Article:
Untold Tales

Concept conceived by Dr Mireille Fauchon and Rachel Gannon (Associate Professor and Head of Department for Illustration Animation)

Pedagogic Project

I’d love to see young women creating illustrations of grime or drill MCs but the likelihood is that we’ll keep seeing the same images and reading the same narratives. Much of the most interesting and powerful culture in the UK is made by high-melanin or queer people who experience at least some degree of marginalisation because of skin tone or sexuality. Many of our writers and photographers – and almost all of our editors – come from nuclear low-melanin families, many of whom can afford private education. It matters to have the right person telling the right story, at least some of the time.

Why Documenting Your Culture Is An Act Of Resistance, by Emma Warren

I’ve always felt that it is impossible to engage properly with a place or a person without engaging with all of the stories of that place and that person. The consequence of the single story is this: It robs people of dignity. It makes our recognition of our equal humanity difficult. It emphasizes how we are different rather than how we are similar.

The Danger of a Single Story (TED Talk), by Chimamanda Adichie


As you enter the third year many of your will be thinking about how you find an individual or authentic voice/visual language as an illustrator animator. Telling stories is fundamental to illustration animation practice and this project asks you use storytelling as a way of finding your voice. Many stories make up who you are, but what stories do you choose to tell? In her highly influential TED talk, Novelist Chimamanda Adichie tells the story of how she found her authentic cultural voice – and warns that if we hear only a single story about another person or country, we risk a critical misunderstanding.

Individual illustration animation practices can be utilised to document, record and tell stories about, those people, objects and locations we can see as well as communicate knowledge and experiences that are intangible. Preserving a cultural and its history and/or traditions can be seen as a radical act – not only in the socio-political sense but radical in the sense of being able to affect the fundamental nature of something. As visual practitioners we should consider the power we hold and the legacy of our work – what is its purpose? Who does it support or represent? What does this mean for future generations?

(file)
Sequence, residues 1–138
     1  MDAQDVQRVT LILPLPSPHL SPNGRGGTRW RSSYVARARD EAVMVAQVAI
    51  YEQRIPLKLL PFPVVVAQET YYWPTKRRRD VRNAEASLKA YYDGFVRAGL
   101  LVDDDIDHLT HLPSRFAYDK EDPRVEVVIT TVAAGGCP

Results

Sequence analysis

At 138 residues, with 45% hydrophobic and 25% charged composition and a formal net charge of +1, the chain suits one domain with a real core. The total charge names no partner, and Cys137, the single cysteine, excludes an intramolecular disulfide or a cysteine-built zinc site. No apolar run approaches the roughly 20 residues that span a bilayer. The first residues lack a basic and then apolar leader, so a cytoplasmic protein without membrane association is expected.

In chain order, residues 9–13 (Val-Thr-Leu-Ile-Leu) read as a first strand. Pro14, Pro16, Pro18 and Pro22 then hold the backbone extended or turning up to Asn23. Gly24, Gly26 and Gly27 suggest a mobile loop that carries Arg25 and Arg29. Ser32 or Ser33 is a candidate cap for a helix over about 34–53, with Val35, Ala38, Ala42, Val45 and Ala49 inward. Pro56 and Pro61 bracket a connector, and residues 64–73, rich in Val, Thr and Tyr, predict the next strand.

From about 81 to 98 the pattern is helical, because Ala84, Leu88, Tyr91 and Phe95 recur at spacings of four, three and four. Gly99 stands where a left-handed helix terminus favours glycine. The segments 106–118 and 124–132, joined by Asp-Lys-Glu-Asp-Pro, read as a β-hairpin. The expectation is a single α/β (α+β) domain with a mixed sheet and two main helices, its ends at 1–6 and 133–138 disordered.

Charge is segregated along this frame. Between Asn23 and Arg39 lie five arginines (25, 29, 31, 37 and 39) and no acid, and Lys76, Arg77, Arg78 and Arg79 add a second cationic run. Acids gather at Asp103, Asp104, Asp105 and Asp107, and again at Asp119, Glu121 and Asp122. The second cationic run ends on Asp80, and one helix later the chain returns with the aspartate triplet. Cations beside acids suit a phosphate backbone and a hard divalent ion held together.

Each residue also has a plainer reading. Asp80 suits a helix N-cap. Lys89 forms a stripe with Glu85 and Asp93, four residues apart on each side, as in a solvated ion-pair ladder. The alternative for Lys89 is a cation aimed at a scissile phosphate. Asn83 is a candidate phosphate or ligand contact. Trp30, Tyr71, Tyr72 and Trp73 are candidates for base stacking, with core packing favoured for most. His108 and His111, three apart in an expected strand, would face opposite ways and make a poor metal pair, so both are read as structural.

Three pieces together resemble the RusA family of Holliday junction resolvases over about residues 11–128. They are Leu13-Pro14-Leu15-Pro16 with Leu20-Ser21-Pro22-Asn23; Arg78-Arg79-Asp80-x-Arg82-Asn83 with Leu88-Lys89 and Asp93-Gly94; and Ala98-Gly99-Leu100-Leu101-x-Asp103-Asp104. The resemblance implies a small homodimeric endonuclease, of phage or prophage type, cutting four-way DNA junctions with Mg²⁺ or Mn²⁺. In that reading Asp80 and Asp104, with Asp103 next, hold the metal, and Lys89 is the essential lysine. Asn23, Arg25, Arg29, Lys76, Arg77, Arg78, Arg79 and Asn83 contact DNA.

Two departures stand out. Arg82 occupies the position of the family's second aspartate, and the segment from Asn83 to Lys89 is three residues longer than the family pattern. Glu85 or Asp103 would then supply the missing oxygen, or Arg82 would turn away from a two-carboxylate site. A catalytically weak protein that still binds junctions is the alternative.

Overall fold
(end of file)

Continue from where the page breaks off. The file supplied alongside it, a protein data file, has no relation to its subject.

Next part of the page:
Use your practice to illustrate what you recognise as an example of cultural heritage that relates to your own personal everyday experience, biography or lineage. Tell a story about an aspect of your personal cultural heritage that might otherwise be difficult to access or comprehend to those outside of the communities you belong to. Your outcome should strive to make your personal knowledge and experience accessible to others and provoke a more empathic understanding from your audience. Begin by considering the various communities you belong to (family, friends, professional (work places), interest groups, clubs, social circles, etc.) and their associated histories, habits and social practices. It may be helpful to identify any social phenomenon’s that are informal, unrecorded or unknown to those outside these groups.

To ‘Illustrate’ should be understood as the fullest use of your practice to interrogate and describe chose story. You can use any method/s to conduct your exploration and your outputs can take on any form. As part of your process you may wish to conduct interviews, audio-visual recordings, site / location visits or field work etc. Always keep in mind what are the most appropriate ways to investigate and capture your cultural with sensitivity and respect to the subject matter, the communities involved and the audience to whom you communicate.

two examples of outcomes:

A publication that explores how language forms identity, particularly the feelings experiences by those of dual heritage who don’t learn to speak the language of their parents.

Angeela Thapa, Nanu O Nanu Kina Worry, 2022

A zine about the unspoken rules of South Koreans in everyday life.
105 x 148 mm, one colour risoprint.